This is easily done manually by adding a Square Shape to the Worksheet and changing the chart’s size so that the two axis are the same length.

Once they are correctly scaled the Axes can

be removed along with the Titles and Grid Lines, by selecting them and pressing

**Delete**.

The Bob was then changed to a Circle, The

fill color was set and it was resized to 15 Pts. The Pendulum’s wire, the

series line, was also set to a Black Color and resized to 0.5 Pt.

The above is then repeated for each

Pendulum.

In the Controls section below, I will discuss

how to change the colors of the Bob and Wires of the pendulum during the

animation.

** **

**ANIMATION**

In the above section we saw how to setup a

Pendulum as an Excel scatter chart based on a number of Named Formulas. The Named

Formulas ultimately rely on a single named constant, t, which holds the time value.

To animate the chart all we need to do is

increment the time named formula and the chart will adjust itself to the new

position based on the revised time.

To do this I have used a simple piece of

code which is shown below:

The animation code:

Sub Pendulum() Dim ti As Double Dim i As Double ' Stop people breaking execution Application.EnableCancelKey = xlDisabled ' Set a default Mouse Cursor while animating Application.Cursor = xlNorthwestArrow ti = [tinc] Do While [D7] = "True" For i = 0 To 2000 Step ti ' Add a Name to the Name Manager ' called t with a new Time Value i Application.Names.Add "t", i DoEvents ' Exit if Start/Stop Pressed If [D7] = "False" Then End Next Loop ' Reset Mouse Cursor Application.Cursor = xlDefault End Sub

The code loops a variable i from 0 to 2000

in steps obtained from B3 via the ti variable.

For every loop of the variable i, the code:

·

Stores a new named constant ‘t’

with value = i

·

Executes a DoEvents command

which:

o

allows the Chart to Update

based on the new X & Y values as a result of the new time ‘t’

o

Checks any keyboard/mouse input

·

It then checks the value from

D7 and if False exits, or if True continues

The use of minimal and simple VBA code and named

formulas results in a system that can update quick enough to result in a very

smooth animation.

** **

** **

**CONTROLS**

A number of user definable controls have

been added to the Pendulum Project

The most obvious of these are the Check

Boxes and Option Buttons on the Chart, but there is also a number of numerical

inputs and a slider.** **

**Time
Inc, Swing (Max) and Gravity **

The 3 cells B3:B5 hold values for the Time

Inc, Swing (Max) and Gravity respectively.

These can be changed either before execution

of the pendulum or during execution. The Gravity is also controlled by the

slider to its right. The slider is linked to the cell D5 under the slider and

the Cell B5 divides the sliders value by 10.

The other two cells which allow manual

input are C9 & C10 and these will be discussed in the Pendulum lengths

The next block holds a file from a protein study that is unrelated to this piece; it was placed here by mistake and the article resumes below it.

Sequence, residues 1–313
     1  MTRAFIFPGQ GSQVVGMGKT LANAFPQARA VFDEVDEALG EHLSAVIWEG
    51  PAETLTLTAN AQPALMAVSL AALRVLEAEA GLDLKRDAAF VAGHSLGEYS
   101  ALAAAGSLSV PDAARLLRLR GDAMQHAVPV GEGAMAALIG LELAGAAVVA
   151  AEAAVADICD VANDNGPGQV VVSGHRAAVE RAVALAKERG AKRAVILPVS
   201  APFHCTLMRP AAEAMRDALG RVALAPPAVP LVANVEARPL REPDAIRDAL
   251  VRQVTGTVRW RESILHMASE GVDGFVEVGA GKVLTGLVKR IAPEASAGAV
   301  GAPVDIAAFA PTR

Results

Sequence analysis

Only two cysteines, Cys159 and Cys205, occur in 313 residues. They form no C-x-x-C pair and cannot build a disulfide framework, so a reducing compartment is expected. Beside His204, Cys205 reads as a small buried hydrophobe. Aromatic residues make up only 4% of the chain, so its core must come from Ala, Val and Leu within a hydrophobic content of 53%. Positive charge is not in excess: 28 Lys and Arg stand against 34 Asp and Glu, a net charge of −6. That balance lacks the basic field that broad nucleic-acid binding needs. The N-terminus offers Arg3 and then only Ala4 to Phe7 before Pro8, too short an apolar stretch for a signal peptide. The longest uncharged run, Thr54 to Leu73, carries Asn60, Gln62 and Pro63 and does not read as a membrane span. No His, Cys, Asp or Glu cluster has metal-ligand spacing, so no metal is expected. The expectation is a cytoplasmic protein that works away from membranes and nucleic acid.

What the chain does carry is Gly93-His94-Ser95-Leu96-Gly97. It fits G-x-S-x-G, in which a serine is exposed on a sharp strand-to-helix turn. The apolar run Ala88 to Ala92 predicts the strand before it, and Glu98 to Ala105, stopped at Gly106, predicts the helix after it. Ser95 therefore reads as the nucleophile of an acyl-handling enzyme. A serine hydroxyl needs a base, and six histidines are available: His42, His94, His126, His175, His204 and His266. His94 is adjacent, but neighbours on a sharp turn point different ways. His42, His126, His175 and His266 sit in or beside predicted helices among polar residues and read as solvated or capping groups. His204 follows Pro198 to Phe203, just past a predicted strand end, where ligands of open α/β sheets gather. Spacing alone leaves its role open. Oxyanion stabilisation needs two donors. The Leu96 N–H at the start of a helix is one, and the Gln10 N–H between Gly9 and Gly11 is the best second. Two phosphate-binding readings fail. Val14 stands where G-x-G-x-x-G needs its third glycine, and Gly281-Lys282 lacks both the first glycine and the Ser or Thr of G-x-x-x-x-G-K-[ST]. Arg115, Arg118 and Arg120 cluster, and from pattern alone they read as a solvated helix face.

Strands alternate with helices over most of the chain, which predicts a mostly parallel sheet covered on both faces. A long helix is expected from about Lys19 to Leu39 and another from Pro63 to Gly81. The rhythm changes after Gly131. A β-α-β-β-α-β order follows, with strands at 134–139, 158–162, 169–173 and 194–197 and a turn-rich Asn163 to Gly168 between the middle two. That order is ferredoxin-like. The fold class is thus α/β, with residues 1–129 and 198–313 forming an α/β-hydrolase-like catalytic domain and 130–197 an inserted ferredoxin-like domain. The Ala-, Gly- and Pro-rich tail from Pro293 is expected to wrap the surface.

section.

The Main Controls are Form Control

Controls.

The Start/Stop Check Box is linked to the cell

D7 as well as executing the **Sheet1!Pendulum_Animate**

subroutine which controls the animation.

The Pendulum Color Option Buttons are

grouped and linked to E9 and pressing any option button executes the **Set_Pendulum_Colors** subroutine. Which

reads the value of Cell E9 and calls the **Color_Markers**

subroutine with the Color type (1=Colored, 2=Grey & 3=Zebra) as an option.

The Wire Color Option Buttons are grouped

and linked to E10 and pressing any option button executes the **SetWires** subroutine. Which reads the

value of Cell E10 and calls the **Color_Wires**

subroutine with the with the Wire type (1=Black, 2=Grey & 3=None) as

options.

** **

**Reset
Parameters**

A subroutine, **Reset**, has

been provided which allows either user defined reset of all parameters as well

as on being executed automatically on startup.

Sub Reset() With Worksheets("1") .Range("D5").Value = 981.42 'Gravity .Range("D7").Value = "False" 'Starting position .Range("E9").Value = 1 'Bob Color .Range("E10").Value = 1 'Wire Color .Range("B3").Value = 0.015 'Initial Time Inc .Range("B4").Value = 15 'Initial Swing Angle SetColors SetWires End Sub

**PENDULUM
LENGTHS**

Earlier in the post I mentioned that the

use of named formulas was much faster than cell references, which it is. So why

are the pendulum lengths stored on the worksheet?

The calculation of the length of the

pendulums is important to ensure the harmonics are correctly modelled.

To get the nice synchronous effects seen

during a long run of the animation the series must be in harmony with each

other. This simply means that after a certain time that the pendulums will

re-align themselves.

The simplest way to do this is to choose

lengths of pendulums which are suited to integer repetitions within the same

time frame.

That is, choose a pendulum length so that

its natural frequency is evenly divided into say 60 Seconds.

The cell formulae from B8 to C24 do just

that.

Column C sets up a number of Integer

Frequencies based on the values in C8 and C9.

The lengths in Column B are then pro-rated

to a standard 60cm pendulum based on the required Cycles/T.

You can change C9 & C10 during

execution to see what effect it has.

** **

**LINKS**

**CLOSING**

You can see by the animated GIF at the top

of the post and the attached workbook that smooth animation of 16 Pendulum is

possible within Excel.

** **

Here is the workbook:

Huis_Excel_Hero_Pendulum.xlsm.

** **

For best results, run the dancing pendulums with no other workbooks open…

** **

**Hui…**

– Mutually Interfering Shapes (Optical Illusion)

For any non-english users you mayu need to change the VBA code to:

Thanx Roberto

Awesome – I love it.

I want to thank you for this informative read, I really appreciate sharing this great post. Keep up your work.